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Various Artists
Music From Mozambique
Caprice Records, Sweden

cd cover
Willy and Anibal
As a study of the cultural and musical diversity of Mozambique, this CD is second to none. Recorded at various stations around Mozambique in January 2000, this release contains a wide mixture, ranging from the traditional to the most contemporary and an exploration from the north to the south of the country. For the newcomer to Mozambican music, there is an opportunity to sample the staggering array of music being performed in the country today. For those with a previous knowledge it presents an indispensable chance to hear some of the local stars, well known on the home scene yet relatively unknown internationally. This release should also serve to allay any fears that traditional music in Mozambique is a thing of the past.

David Mazembe
Tradition is well represented by several artists. Silita are a Chopi timbila group who have recorded two tracks for this CD; "Xidhilo" is a traditional piece performed with minimal but effective instrumentation and "Mawayane" is a popular composition with beautiful vocals complementing the infectious buzzing of the timbila. The Associacao Familiar de Namicopo performs tufo, the distinctive female vocal style with male percussion accompaniment, from northern Mozambique. "Bombo", a percussion based track, is an adaptation of a Makonde mapiko dance, traditionally performed during the initiation of young boys, and here performed by the group Pazedi. The harmonies sound strange, being in different keys, and do not seem to work for the track. The close links with the music of surrounding countries are in evidence in the Zimbabwean style yodeling by David Mazembe in "Urombo," the similarity to Oliver Mtukudzi of Augusto Guta and the use of the ChiNdau language, a Shona dialect.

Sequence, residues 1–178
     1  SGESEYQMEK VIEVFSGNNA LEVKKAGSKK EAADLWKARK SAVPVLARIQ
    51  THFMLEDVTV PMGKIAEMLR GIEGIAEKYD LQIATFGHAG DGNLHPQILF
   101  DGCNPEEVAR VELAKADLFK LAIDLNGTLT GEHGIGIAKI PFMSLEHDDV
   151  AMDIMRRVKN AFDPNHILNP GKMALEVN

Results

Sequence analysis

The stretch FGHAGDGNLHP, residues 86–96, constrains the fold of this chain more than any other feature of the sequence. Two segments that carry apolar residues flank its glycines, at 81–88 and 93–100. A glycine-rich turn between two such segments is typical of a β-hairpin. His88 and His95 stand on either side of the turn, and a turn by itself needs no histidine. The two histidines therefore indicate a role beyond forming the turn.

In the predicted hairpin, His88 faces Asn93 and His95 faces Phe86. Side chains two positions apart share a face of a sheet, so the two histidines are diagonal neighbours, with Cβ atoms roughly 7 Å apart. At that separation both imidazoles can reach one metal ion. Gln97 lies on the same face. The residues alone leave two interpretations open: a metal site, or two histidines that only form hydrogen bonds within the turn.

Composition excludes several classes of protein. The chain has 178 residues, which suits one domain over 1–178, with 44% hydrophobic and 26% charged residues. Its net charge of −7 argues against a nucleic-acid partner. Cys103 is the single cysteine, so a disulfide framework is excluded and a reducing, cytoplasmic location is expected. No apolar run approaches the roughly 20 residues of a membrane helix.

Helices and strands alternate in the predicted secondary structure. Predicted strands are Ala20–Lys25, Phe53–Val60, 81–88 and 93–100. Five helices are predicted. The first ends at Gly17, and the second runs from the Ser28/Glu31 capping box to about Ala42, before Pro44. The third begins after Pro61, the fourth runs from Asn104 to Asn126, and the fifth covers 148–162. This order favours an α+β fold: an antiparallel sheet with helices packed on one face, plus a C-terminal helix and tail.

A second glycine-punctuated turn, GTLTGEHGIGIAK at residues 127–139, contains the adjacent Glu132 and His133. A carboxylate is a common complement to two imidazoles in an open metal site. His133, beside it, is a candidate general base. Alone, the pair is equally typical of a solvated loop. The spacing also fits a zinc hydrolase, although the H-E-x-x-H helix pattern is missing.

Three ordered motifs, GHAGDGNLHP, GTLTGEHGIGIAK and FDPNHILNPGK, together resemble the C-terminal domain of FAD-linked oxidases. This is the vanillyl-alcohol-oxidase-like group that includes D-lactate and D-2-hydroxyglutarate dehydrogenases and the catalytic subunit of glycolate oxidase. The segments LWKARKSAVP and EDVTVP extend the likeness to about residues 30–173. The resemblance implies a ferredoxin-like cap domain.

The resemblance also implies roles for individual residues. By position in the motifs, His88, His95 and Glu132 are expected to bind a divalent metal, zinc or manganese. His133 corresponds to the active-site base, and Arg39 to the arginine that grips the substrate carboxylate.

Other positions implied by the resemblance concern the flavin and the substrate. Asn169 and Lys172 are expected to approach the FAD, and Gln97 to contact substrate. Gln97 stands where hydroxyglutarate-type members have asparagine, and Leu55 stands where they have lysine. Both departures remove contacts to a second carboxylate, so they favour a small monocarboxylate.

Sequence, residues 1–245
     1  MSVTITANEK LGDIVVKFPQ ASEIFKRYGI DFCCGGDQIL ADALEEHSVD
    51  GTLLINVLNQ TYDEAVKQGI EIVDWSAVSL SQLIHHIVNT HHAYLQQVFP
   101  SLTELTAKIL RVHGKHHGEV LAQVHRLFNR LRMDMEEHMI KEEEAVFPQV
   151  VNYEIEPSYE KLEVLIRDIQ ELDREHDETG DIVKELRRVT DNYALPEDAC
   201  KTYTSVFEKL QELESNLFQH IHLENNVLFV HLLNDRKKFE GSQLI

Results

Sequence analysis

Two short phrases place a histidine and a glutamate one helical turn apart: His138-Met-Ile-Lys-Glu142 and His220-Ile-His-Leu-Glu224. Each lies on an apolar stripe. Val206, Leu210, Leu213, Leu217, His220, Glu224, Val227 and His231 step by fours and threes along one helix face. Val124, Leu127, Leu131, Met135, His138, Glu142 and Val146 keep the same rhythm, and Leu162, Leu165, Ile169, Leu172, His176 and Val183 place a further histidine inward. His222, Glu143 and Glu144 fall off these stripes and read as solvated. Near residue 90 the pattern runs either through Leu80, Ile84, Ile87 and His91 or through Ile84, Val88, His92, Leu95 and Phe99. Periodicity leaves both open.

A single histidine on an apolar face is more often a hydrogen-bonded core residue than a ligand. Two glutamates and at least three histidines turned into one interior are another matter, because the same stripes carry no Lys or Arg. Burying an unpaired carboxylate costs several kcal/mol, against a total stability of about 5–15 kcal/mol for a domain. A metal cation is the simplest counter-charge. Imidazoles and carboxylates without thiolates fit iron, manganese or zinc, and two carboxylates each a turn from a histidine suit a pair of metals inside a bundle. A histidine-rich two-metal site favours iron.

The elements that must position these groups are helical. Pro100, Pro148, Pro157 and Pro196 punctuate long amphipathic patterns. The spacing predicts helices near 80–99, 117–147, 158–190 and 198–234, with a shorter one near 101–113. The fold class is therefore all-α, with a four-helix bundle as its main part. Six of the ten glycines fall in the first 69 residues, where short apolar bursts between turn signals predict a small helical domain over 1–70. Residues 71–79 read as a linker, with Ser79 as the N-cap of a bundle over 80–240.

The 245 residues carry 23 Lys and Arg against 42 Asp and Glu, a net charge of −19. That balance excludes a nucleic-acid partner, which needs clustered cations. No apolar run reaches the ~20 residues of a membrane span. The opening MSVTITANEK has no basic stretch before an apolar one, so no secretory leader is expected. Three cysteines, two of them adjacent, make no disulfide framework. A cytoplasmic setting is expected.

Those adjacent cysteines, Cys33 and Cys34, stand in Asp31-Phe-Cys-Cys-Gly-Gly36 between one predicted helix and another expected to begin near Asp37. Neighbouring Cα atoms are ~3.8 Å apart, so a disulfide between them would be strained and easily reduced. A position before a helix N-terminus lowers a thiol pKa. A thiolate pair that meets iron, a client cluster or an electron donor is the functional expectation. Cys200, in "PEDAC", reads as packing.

Associação Familiar
Of a more contemporary nature, but still incorporating traditional instruments, are performances by the young group Mozafro, and the rather surreal offering of musica revolta (heavy metal) by Os Inocentes. Definite favorites are the guitar-based acts such as Augusto Guta, Djingo Mbenzane, and Duo Willy and Anibal, the latter both performing their own forms of marrabenta.

While the title might lead one to believe that all of Mozambique is musically represented on this recording, this is not the case. Most of the acts involved are from either Maputo, or the central and northern regions of Beira and Nampula respectively. The fact that it takes a seventeen-track record to illustrate the music of just three or four areas in a country the size of Mozambique gives some idea of the variety of music this country has to offer. There is definitely room for another release along similar lines, incorporating some of what was left out on this occasion. - Jennifer Byrne

Available at cdRoots

Audio samples ©2001 Caprice, Sweden, used by permission

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